‘Simona’s Search’: Learning Who And What We Come From



At a time when the migrant crisis dominates the national debate, “Simona’s Search,” an immigrant story exploring the relationship between a father and daughter and the trauma that binds them, makes its world premiere this week at Hartford Stage.

In “Simona’s Search,” Argentine-American playwright Martín Zimmerman explores the syndrome of “transgenerational trauma”: the passing on of traumatic experiences to subsequent generations that is sometimes prevalent with immigrant families. “Is a parent entitled to privacy about certain things in their lives,” asks Zimmerman. “What is the information that we need to know in order to move confidently through the world and feel that we have a strong sense of ourselves? And what is the information that we don’t necessarily need to know? That’s a really thorny question.”

In the memory play, the character Simona, played by Alejandra Escalante, has grown up watching her father, Papi, played by Al Rodrigo, struggle with post-traumatic stress disorder (PTSD). And she’s developing signs of trauma herself.

Papi, a political exile from Latin America, is “so desperate to protect his daughter from the trauma and pain of his past that he tells her nothing about where she comes from,” said Zimmerman in an interview with the 50 Playwrights Project. “He doesn’t teach her Spanish, tell her about her heritage, etc.” But Simona learns “that her father is a deeply damaged man.”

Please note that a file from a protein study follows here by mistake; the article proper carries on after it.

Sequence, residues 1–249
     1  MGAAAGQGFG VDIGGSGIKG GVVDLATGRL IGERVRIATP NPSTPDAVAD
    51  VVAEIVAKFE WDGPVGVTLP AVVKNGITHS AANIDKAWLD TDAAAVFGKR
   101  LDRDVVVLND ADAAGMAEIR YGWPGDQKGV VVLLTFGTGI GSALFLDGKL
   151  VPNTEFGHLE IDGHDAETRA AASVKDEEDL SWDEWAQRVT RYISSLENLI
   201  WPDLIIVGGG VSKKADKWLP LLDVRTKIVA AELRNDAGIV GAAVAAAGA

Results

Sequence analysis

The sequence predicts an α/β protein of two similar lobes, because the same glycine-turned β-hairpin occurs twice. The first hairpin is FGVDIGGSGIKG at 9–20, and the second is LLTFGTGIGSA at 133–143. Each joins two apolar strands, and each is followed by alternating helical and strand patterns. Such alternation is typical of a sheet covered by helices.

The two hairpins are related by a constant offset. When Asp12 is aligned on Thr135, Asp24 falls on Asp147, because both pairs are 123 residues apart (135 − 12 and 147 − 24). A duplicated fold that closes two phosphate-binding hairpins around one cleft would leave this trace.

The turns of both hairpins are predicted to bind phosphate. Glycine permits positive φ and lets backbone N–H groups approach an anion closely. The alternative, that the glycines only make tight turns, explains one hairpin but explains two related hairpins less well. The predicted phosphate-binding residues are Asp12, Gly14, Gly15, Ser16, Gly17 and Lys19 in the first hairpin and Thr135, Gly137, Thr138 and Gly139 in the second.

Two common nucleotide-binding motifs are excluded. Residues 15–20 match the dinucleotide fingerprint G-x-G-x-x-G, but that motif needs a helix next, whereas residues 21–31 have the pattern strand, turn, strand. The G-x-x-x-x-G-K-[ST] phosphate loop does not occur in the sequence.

“For Simona, her imagination and memories come into question as she discovers more about her father’s past. Her questions reflect those we often ask ourselves – what is in our nature, and what is due to how we were nurtured?” co-writes in the play’s program, Hartford Stage artistic director Melia Bensussen, who’s directing “Simona’s Search.” “These questions are even more relevant to children of immigrants, who, as foreigners to their parents’ culture and language, may find themselves even more lost in defining their ancestry, identity, and sense of self.”

Alejandra Escalante, Al Rodrigo, and Melia Bensussen in rehearsal for Simona’s Search (Photos by Molly Flanagan)

It’s not difficult to see from the faces of newcomers being dropped off in sanctuary cities across the U.S. from the Texas border that trauma has/is happening. In telling the story of anxiety, emotions of helplessness, insecurity, and anger, Zimmerman draws inspiration from the work of neuroscientist Daniela Schiller, whose studies about the connection between memory and fear were highlighted in the article “Partial Recall: How To Unmake A Memory,” Zimmerman read.

“I feel very strongly about telling Latino stories,” said Rodrigo. “New Latino stories from a new perspective.” Escalante agreed, “I think it is a really exciting new lens to see a Latine family through. It’s not what you would typically expect.”

Actor Christopher Bannow joins Escalante and Rodrigo in the three-member ensemble of “Simona’s Search,” running Jan 18 through Feb 11 at Hartford Stage, 50 Church St., Hartford. Performances are Tuesdays through Thursdays at 7:30 p.m., Fridays at 8 p.m., Saturdays at 2 and 8 p.m. and Sundays at 2 p.m. There is no Saturday matinee on Jan 20. On Feb 7, there’s a 2 p.m. performance instead of an evening one—$ 20-$100.

For more information, click: hartfordstage.org/simonas-search.

Publisher’s Notes: CT Latino News is proud to partner with Hartford Stage in supporting the state’s Arts and Culture. 

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